Written by: Brielle Kirk, PA-C.


What should be in your multivitamin?

There are so many options when it comes to consuming micronutrients. With the overload of information on social media, how can we tell which ones are most important for us? I’ll discuss the top 10 micronutrients I believe are most important and should be included in your daily multivitamin. I will also include foods to consume, for one should not solely rely on a multivitamin for nutrients!  Keep in mind, this is for the general, healthy population. If you have any medical conditions, be sure to ask your medical provider which micronutrients would be best for you!

1. Vitamin B-12 – The body needs B12, for it is considered an essential vitamin! It is a coenzyme involved in the conversion of food to energy. If we do not get enough of it, we can often be left feeling tired and drained. It is important to get this vitamin through foods, such as beef, chicken, fish, and eggs. If you are eating these foods and your blood levels show otherwise, you may need monthly injections, which are a convenient way to supplement!

2. Vitamin D – This vitamin plays a vital role in bone strength by helping to absorb calcium. It also has been shown to support your immune system. We get this vitamin from the sun, but often in our working society, getting it from the sun is not enough, making supplementation necessary. Foods containing it include fatty fish, egg yolks, and mushrooms!

3. Calcium – The body needs calcium for bone and teeth strength. It also helps with muscle contraction and nerve signaling throughout the body. Calcium can be found in dairy milk and dairy alternative drinks, such as almond and cashew milk.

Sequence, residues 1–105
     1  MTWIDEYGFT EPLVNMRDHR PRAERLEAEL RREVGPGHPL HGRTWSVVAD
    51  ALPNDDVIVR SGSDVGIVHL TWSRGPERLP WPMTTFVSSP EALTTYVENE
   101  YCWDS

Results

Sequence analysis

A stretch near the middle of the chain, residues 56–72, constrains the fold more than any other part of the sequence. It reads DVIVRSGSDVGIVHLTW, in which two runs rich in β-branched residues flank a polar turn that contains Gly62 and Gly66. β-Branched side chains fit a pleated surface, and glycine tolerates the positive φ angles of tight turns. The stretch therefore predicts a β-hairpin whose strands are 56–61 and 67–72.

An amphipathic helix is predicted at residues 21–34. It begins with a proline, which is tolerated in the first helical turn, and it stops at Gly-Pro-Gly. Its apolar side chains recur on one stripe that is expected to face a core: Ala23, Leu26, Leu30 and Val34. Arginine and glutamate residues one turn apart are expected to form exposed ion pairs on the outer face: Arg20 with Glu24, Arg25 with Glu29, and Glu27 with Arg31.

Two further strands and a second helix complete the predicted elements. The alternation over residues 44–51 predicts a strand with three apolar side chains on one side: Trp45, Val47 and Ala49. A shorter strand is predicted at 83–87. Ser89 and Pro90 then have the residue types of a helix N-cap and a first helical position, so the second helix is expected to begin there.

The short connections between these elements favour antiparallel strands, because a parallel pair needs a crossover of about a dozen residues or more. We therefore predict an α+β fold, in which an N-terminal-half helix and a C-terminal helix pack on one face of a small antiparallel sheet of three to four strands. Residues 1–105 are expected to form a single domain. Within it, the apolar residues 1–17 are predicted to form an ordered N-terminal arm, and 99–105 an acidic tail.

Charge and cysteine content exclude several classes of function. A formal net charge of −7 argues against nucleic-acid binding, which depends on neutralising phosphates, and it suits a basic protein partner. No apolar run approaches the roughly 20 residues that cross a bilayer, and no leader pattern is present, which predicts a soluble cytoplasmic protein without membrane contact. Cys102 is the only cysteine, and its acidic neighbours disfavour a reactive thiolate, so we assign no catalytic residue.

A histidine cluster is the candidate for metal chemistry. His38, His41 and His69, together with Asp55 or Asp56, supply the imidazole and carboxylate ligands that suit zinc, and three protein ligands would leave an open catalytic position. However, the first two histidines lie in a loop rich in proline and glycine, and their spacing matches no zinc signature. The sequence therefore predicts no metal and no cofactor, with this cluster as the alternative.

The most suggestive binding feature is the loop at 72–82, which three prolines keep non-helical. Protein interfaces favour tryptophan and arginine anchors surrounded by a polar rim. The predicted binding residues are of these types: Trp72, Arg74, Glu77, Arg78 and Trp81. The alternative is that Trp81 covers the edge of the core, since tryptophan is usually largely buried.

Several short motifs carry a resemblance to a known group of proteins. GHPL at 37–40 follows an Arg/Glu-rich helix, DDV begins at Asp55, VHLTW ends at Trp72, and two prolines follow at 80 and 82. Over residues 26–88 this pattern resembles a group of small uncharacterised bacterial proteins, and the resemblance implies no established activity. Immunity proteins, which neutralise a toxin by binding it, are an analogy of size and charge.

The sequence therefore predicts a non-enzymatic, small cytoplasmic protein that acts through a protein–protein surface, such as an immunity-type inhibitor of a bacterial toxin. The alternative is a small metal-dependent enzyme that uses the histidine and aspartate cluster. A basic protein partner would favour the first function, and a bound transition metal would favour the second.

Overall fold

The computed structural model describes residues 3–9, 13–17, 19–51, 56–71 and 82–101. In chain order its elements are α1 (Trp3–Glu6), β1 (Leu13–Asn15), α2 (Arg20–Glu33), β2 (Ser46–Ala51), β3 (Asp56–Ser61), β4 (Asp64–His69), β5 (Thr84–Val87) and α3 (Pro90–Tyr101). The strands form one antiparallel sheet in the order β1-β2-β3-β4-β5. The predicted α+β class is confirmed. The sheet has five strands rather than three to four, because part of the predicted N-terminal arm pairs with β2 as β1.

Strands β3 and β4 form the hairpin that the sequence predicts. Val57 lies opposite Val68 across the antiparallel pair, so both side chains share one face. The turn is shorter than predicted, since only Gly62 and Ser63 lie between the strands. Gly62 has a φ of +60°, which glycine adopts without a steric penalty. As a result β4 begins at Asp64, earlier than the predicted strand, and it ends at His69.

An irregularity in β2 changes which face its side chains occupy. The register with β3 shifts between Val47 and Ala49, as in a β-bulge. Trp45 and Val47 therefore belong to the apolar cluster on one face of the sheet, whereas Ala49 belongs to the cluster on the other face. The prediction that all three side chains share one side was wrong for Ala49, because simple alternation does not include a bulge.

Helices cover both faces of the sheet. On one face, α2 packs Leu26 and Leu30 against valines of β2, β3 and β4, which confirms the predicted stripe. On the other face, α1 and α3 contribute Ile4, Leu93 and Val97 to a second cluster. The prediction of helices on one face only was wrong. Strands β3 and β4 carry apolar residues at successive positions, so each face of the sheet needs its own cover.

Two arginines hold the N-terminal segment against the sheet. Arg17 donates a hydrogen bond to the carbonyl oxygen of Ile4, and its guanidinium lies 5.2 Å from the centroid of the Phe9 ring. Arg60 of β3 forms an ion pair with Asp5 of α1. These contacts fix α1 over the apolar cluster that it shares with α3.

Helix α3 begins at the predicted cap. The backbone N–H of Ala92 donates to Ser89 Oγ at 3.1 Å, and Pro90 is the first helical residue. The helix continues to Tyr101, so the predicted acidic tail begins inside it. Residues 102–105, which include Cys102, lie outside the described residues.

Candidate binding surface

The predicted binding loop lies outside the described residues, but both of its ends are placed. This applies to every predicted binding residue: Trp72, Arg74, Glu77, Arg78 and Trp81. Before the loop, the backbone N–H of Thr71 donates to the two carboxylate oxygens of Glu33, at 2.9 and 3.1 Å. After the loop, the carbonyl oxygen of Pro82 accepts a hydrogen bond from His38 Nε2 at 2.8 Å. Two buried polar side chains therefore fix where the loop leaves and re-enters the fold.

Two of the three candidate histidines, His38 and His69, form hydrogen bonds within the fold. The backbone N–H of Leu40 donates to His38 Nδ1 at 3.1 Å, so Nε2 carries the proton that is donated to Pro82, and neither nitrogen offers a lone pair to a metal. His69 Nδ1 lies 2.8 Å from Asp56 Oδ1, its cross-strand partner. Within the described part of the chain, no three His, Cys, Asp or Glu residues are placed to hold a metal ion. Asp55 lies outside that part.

4. Vitamin C – This water-soluble vitamin helps support your immune system, which is why you’ve probably heard of this as preventing illness! It also functions in tissue repair throughout the body, such as in tendons, muscles, and skin. It’s also an antioxidant that helps to prevent aging, so this in combination with the tissue repair properties is why it’s found in a lot of skin care products!  Guava, kiwi, bell peppers, oranges and strawberries are all high in this micronutrient!

5. Omega-3 – This is a great fatty acid found in fish, fish oil, Algal oil or hemp seeds. Omega 3s are great for anti-inflammations, which helps with blood flow, cardiovascular health, and brain function.

6. Magnesium – This electrolyte has a lot of functions! It helps muscle and nerve function, blood sugar levels, and blood pressure, in addition to making protein, bone, and DNA! It can be found in dark leafy greens, legumes, nuts, seeds. If you take magnesium before bed, it can actually help you sleep at night!

7. Iron – This element is important for the makeup of red blood cells, and is what gives your blood the red color! It makes up hemoglobin, which carries oxygen throughout your body to your lungs. Someone can therefore become low in iron by losing a lot of blood, which is very dangerous. Beans, lentils, sweet potatoes, shrimp, clams, and beef are all high in iron.

8. Zinc – Zinc is needed for the immune system to function properly. It also helps with cell division, cell growth, wound healing, and the breakdown of carbohydrates. It also plays an important role for the senses of smell and taste! Foods high in zinc include oysters, meat, poultry, seeds and lentils.

9. Vitamin A – This is a fat-soluble vitamin important for keeping healthy teeth and good vision.  Vitamin A helps form and maintain healthy teeth, skeletal and soft tissue, mucus membranes, and skin. It is also known as retinol because it produces the pigments in the retina of the eye. Vitamin A is abundant in carrots and other orange/yellow  pigmented vegetables, liver, and eggs!

10. Folic Acid – Vitamin B9, also known as folic acid, is an important vitamin when it comes to neurological function and DNA production in our bodies. It also helps the body to create new red blood cells. This vitamin is especially important for women who wish to childbear, for low levels during pregnancy can lead to neural tube defects in the baby’s brain and spine. Foods abundant in folate include leafy green vegetables, cooked lentils, broccoli, and asparagus.

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